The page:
I read with interest Capt. William Worth's article on pilot transfers (PM 110). He raises some very valid points, both pro and con, about helicopter transfers, as well as the challenges faced on today's ships with the boarding ladders.
From my own experience, one of the latent consequences of pilots boarding by ladder from boat is that in rough sea conditions, the pilots want to board closer to the harbor than the sea buoy or designated pilot station. This occurs in US as well as international ports. My most memorable experiences include:
Georgetown, Guyana; night departure down a newly dredged channel, several miles long, no buoys, one set of ranges at the harbor entrance, and the pilot's last words, "Just keep her steady" as he left the ship. The channel was straight, but the local currents were not. About midway out to the sea-buoy, we found the mud bank on the north side, and then spent the better part of an hour working the ship back off with twin screw twists.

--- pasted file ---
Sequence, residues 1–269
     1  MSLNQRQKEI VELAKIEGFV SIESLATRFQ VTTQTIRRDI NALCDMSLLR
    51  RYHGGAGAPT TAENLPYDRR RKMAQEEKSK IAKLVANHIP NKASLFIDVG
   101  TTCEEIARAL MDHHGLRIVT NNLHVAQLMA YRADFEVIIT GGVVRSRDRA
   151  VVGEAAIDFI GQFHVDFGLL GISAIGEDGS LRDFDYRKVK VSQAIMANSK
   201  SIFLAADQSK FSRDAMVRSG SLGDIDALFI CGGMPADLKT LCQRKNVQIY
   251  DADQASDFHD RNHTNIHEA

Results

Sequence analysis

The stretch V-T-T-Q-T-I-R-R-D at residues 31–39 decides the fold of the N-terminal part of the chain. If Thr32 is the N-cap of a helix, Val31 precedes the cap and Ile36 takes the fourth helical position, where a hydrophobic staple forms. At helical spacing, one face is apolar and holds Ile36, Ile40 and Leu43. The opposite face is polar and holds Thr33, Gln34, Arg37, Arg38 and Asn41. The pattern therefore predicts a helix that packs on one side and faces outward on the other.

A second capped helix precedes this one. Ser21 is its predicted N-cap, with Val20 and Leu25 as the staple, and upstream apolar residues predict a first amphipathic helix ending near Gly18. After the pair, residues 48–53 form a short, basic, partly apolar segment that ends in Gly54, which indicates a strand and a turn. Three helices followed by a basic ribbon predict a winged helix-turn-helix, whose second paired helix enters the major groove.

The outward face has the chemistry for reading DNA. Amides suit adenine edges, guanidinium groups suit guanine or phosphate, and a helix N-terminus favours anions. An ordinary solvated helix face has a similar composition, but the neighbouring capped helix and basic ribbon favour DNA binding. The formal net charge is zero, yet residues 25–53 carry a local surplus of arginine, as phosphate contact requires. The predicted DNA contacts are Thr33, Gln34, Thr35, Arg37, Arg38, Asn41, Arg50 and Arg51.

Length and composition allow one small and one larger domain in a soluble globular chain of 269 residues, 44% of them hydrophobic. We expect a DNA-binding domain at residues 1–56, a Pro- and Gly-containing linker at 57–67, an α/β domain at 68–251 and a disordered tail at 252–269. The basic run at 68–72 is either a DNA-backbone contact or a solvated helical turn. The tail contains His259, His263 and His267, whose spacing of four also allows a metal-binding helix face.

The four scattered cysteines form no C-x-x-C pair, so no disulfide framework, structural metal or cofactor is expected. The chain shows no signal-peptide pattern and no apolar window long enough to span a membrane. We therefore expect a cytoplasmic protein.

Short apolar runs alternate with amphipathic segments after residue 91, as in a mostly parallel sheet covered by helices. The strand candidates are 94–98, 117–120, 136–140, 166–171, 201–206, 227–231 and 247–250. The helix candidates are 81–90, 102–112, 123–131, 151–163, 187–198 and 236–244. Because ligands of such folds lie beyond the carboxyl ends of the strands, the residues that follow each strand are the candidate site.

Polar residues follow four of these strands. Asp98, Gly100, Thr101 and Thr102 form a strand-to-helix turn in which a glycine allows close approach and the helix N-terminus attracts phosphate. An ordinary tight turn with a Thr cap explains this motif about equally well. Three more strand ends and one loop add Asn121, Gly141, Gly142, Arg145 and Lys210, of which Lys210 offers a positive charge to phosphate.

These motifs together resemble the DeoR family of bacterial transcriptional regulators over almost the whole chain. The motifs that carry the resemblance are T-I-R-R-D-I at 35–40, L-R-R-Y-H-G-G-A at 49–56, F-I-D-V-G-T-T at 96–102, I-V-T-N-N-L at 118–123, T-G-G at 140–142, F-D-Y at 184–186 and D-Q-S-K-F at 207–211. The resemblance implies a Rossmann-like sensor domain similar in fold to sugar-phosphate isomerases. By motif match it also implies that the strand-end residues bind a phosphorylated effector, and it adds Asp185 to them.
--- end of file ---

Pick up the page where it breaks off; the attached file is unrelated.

Pusan, Korea: daylight arrival, through a maelstrom of local transit traffic between the sea buoy and the harbor breakwaters; the pilot by radio, "Just keep it coming," finally boarding in between the breakwaters, with an outbound ship on the far side. That was one of the shortest Master-pilot conferences I've had: "Hello - hard port."
St. Petersburg, FL; (not my ship) in the wake of a late port evacuation order by the COTP, because of a threatening hurricane, a bulk ship ran aground near offshore (within the buoyed channel, inshore of the sea-buoy) after the pilot disembarked well near to shore, as the sea state near shore was too rough for a safe transfer. I'm not sure what a helo could have done in those conditions, but it was evident the boat-pilot-ladder combo was no-go.
I would also note that the design of the boat, and especially the boarding platform on the boat, is significant. The best I've seen was in Houston some years ago; a catamaran hull, with large boarding platform equipped with handrails, built out in line with the hull side, so that as the boat came alongside the ship, the platform virtually rested up against the hull / ladder. The cat hull leant great transverse stability to the operation. However, this boat / rig was quite expensive.
And that points to the key to change which is found in Capt. Worth's observation: "The system essentially paid for itself through increased efficiency . . ." The industry runs on money. If the Columbia River Bar Pilots have a cost comparison they are willing to share with their brother pilot associations around the country, we may see more groups motivated to change.
All the best,
Director of Marine Operations